I’ve gotten quite a few emails and questions asking me how I do my hair, so here’s another how-to post. This is a cross between the Twist ‘N Curl (made famous by curlynikki), and a curly fro. It is very popular for women who have 3c,4a,4b hair type. (For more on hair typing, click here).
This style is achieved by separating the hair into sections and then taking each section and separating those into two and twisting them together. Then setting the twists on rollers. After a few hours, the twists are then separated, and can be worn as is, or, can be fluffed and separated more to add more volume. There are a hundred different variations on this style, but this is a basic one that I have in my arsenal. I’m going to show you how I do mine when my hair is dry. This is how I did my dry twistout after wearing it in a quick puff I made in the post How to Wash and Dry Your Hair in 1 Hour.
1. Loosen the curl – I take my Daily Homemade Leave-In Conditioner and spritz my whole head, gently pulling at my curls as I go to loosen them up from the puff they’ve been in.
2. Section the hair-starting at the back of my head, I make a quick part with my hands or the tail of a comb from earlobe to earlobe I pin the rest of the hair out of the way with my metal toothless duckbill clips. I section this area into three sections, and I clip two back with another duckbill clip
3. Moisturize – I take a dab of whatever moisturizer I’m using that day (it can be a butter, cream, leave in condish, whatever) like Bee Mine’s Bee Hold Pudding or Wonder Curl’s Butter Than Love Hair Whipped and run it through the section with my fingers (No combing or brushing!)
4. Twist – then I separate that little section I’m working with into two smaller sections and twist them as tight as I can all the way down to the ends (they’re going to loosen a bit, but they won’t unravel)
Note: I don’t have the time or the patience fore really small twists, so I always to medium sized ones. I judge the size of the twists by how well they stay in. If they’re too big, they’ll unravel right away. If they’re too small, I’ll have trouble unraveling them. This takes practice, but you’ll find what works best for you.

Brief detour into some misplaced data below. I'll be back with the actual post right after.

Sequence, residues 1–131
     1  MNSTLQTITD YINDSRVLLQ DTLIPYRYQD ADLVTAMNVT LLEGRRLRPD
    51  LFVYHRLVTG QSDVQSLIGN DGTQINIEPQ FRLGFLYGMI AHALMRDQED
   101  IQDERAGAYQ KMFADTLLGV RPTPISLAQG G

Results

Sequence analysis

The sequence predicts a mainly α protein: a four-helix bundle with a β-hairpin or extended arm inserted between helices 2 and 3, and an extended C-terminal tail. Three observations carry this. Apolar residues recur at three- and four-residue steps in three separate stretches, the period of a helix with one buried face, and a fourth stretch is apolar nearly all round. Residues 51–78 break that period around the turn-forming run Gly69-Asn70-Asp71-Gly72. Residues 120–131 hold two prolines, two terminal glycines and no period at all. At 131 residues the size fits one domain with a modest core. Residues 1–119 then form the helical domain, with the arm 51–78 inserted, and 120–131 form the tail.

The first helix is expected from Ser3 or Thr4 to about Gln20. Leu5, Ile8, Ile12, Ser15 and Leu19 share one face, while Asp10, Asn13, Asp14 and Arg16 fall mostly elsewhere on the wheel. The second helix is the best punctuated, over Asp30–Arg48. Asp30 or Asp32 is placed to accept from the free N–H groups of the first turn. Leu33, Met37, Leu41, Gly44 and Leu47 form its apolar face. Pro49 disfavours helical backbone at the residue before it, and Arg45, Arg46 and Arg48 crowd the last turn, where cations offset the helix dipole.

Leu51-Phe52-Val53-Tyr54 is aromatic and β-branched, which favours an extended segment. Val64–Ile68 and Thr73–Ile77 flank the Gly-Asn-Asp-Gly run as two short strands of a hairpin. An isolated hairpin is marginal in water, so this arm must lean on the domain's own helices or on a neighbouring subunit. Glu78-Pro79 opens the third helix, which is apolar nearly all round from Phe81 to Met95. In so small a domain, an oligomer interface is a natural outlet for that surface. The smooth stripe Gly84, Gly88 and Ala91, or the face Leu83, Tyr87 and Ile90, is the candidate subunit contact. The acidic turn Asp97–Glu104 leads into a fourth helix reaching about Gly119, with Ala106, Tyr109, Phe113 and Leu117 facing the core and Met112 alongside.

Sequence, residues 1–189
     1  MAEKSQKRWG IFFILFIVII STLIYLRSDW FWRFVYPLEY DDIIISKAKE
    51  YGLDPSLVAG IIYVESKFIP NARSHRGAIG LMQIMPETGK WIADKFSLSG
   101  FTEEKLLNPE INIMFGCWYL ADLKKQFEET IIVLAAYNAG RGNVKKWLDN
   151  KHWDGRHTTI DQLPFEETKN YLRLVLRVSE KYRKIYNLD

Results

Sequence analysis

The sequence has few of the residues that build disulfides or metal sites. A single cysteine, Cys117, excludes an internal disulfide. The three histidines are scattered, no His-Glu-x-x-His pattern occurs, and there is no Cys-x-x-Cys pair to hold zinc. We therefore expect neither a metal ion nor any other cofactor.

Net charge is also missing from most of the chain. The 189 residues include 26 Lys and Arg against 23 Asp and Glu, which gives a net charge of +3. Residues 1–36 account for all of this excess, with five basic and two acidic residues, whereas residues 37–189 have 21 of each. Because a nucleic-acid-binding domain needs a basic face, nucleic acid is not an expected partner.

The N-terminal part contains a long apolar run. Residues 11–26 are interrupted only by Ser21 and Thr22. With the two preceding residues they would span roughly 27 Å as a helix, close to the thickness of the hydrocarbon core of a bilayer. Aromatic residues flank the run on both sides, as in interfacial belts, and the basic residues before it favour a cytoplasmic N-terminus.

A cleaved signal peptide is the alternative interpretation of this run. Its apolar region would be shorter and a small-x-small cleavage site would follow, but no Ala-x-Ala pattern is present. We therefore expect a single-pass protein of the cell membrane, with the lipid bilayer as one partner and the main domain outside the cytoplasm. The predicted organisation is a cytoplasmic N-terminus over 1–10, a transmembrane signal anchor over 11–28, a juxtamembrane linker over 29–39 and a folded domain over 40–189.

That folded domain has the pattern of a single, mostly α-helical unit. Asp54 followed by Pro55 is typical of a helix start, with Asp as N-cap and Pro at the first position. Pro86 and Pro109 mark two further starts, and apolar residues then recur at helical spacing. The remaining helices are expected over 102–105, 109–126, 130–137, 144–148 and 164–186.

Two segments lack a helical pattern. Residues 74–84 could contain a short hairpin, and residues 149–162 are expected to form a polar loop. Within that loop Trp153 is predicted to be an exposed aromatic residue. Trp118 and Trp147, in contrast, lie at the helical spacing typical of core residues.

5. Seal the sends – I castor oil to do this, but you can use whatever oil you feel comfortable with. About 1/2″ from the end of the hair, I dip my fingers into castor oil and twist to the end. Then I twirl the end on my fingers a bit to make sure it’s covered and I get a nice curl (This step gives me nice defined ends, with little frizz)
6. Continue steps 3-5 until the row is finished
I complete the above 6 steps until I have an “umbrella” of hair around the top of my head. Like this.
- Now I can clearly see where I will be making the rest of the twists that will go all the way around my head. I hand parted my hair (for style only, this is optional), and now have more hair on my left side than my right.
7. Style the front – I gather up all of the hair that was parted over to the side, what you might consider “bangs” and I clip it, or braid it to get it out of the way. Then I clip the rest of the hair out of the way, except for the right section so that I can start twisting again. I continue twisting all the way around my head until I get to the “bangs” I’ve clipped to the side.
8. Finish Twisting – Now my whole head is twisted except for the “bangs” and I want them to lay “stacked” and maybe fall in my face a bit, so I make 3 or 4 small twists following the part I made.
9. Roll the Twists – I like to leave twists in over night or at least for 5 hours but I do NOT like sleeping in rollers, so I usually get up early, spray each twist with Jane Carter Solutions’ Natural Hold Locking Spray and roll the twists up while I do my morning routine. I roll them up tight, since they’re not going to be in that long and I use big rollers…
10. Unroll twists – take the rollers out
11. Separate twists – with jojoba or castor oil on my hands, I gently take down each twist, by pulling each twist taught from the end of the hair, turning the twist in the opposite direction, and then using my finger to pull down and separate.
12. Style – After all the twists have been undone, I like to separate the hair more and fluff (hands only!) from the root. I shake my head around like a wet dog and turn my head upside down to fluff. I then place the part that will be in my face where I want it, or if it doesn’t want to act right, I just use bobby pins to style it.
Feel free to experiment with different sized twists and rollers. I make my twists in tha back larger than ones in the front, but that’s just me. By the way, that reddish tint you see are the results of my first henna! (That’s for another post though!)